# Practice: Chp. 12#

source("iplot.R")
suppressPackageStartupMessages(library(rethinking))


12E1. What is the difference between an ordered categorical variable and an unordered one? Define and then give an example of each.

Answer. An ordered categorical variable is one in which the categories are ranked, but the distance between the categories is not necessarily constant. An example of an ordered categorical variable is the Likert scale; an example of an unordered categorical variable is the Blood type of a person.

12E2. What kind of link function does an ordered logistic regression employ? How does it differ from an ordinary logit link?

Answer. It employs a cumulative link, which maps the probability of a category or any category of lower rank (the cumulative probability) to the log-cumulative-odds scale. The major difference from the ordinary logit link is the type of probabilties being mapped; the cumulative link maps cumulative probabilities to log-cumulative-odds and the ordinary logit link maps absolute probabilities to log-odds.

12E3. When count data are zero-inflated, using a model that ignores zero-inflation will tend to induce which kind of inferential error?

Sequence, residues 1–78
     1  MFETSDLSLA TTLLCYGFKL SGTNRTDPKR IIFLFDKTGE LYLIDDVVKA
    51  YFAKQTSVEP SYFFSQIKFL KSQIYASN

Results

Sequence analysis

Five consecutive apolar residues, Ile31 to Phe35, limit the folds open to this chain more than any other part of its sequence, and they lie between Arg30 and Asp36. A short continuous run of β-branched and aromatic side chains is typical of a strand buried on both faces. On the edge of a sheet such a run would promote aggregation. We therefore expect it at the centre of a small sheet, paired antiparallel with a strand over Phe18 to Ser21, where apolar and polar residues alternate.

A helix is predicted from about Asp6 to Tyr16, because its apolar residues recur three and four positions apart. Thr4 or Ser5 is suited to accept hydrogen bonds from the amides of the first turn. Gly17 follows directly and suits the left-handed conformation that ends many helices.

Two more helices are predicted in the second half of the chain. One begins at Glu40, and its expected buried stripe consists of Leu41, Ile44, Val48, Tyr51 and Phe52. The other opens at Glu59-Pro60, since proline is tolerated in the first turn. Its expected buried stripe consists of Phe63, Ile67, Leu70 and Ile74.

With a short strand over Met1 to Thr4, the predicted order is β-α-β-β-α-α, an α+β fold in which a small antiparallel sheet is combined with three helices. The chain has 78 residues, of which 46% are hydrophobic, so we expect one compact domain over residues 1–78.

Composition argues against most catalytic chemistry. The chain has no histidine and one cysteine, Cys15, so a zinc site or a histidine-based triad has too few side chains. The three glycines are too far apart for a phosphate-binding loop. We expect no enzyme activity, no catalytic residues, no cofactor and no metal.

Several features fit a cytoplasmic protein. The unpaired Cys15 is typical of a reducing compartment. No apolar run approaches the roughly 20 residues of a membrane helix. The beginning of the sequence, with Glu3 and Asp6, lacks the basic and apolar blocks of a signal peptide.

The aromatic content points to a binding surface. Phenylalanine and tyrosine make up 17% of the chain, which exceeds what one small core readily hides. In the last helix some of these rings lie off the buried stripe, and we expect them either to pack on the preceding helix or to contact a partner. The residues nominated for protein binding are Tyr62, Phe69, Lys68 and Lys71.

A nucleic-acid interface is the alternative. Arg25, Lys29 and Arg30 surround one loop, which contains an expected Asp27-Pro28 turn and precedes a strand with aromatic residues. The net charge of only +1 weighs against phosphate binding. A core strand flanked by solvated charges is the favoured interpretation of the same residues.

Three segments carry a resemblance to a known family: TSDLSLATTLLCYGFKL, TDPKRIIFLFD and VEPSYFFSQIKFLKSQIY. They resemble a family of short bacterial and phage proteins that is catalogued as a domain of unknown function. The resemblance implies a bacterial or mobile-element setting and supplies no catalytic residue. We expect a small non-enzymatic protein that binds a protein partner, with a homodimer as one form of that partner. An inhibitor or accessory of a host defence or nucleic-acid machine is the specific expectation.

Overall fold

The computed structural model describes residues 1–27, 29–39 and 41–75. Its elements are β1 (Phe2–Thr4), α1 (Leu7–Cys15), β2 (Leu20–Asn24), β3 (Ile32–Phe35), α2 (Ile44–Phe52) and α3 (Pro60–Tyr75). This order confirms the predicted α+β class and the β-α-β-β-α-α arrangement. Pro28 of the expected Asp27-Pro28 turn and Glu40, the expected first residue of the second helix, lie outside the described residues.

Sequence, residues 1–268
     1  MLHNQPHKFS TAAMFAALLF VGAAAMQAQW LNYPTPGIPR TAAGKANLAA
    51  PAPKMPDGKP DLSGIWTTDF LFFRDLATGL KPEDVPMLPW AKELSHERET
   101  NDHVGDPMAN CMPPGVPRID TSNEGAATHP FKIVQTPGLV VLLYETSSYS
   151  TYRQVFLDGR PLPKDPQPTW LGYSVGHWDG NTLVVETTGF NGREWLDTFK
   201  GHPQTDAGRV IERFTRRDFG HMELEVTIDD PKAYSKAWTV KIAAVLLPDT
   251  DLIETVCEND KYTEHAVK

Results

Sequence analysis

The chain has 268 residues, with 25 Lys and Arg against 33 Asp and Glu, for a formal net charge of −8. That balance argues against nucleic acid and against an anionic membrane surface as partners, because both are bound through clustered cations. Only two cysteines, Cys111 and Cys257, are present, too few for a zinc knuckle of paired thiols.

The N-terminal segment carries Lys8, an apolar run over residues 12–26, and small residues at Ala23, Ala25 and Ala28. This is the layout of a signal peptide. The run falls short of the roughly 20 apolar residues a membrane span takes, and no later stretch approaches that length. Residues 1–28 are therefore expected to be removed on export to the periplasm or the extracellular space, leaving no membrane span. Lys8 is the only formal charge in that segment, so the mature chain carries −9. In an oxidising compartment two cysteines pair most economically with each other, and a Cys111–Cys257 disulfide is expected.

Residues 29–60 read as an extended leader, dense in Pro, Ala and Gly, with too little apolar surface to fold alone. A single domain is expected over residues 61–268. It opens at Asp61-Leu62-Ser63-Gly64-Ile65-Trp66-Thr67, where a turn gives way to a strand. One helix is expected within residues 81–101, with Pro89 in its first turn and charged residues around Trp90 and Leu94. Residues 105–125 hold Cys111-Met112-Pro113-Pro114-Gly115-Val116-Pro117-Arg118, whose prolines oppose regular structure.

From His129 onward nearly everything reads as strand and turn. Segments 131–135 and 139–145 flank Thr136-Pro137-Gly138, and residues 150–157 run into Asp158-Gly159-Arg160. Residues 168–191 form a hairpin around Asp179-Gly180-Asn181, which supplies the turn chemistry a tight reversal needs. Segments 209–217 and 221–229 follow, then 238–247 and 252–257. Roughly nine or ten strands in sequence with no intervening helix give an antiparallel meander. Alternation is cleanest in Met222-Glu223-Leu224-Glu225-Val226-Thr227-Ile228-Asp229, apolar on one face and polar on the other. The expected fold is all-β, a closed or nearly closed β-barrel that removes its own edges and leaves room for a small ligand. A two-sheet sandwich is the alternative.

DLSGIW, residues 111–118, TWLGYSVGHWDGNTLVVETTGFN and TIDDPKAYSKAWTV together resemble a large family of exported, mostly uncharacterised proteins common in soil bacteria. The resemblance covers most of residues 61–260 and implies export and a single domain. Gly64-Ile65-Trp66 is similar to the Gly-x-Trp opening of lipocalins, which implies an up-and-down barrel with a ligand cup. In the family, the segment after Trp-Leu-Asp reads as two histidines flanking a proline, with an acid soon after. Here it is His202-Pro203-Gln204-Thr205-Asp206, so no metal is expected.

Answer. A âzeroâ means that nothing happened; nothing can happen either because the rate of events is low because the process that generates events failed to get started. We may incorrectly infer the rate of events is lower than it is in reality, when in fact it never got started.

12E4. Over-dispersion is common in count data. Give an example of a natural process that might produce over-dispersed counts. Can you also give an example of a process that might produce under-dispersed counts?

Answer. The sex ratios of families actually skew toward either all boys or girls; see Overdispersion.

In contexts where the waiting time for a service is bounded (e.g. a store is only open a short time) but the model still uses a Poisson distribution you may see underdispersed counts because large values are simply not possible. If one queue feeds into another, and the first queue has a limited number of workers, the waiting times for the second queue may be underdispersed because of the homogeneity enforced by the bottleneck in the first queue. â)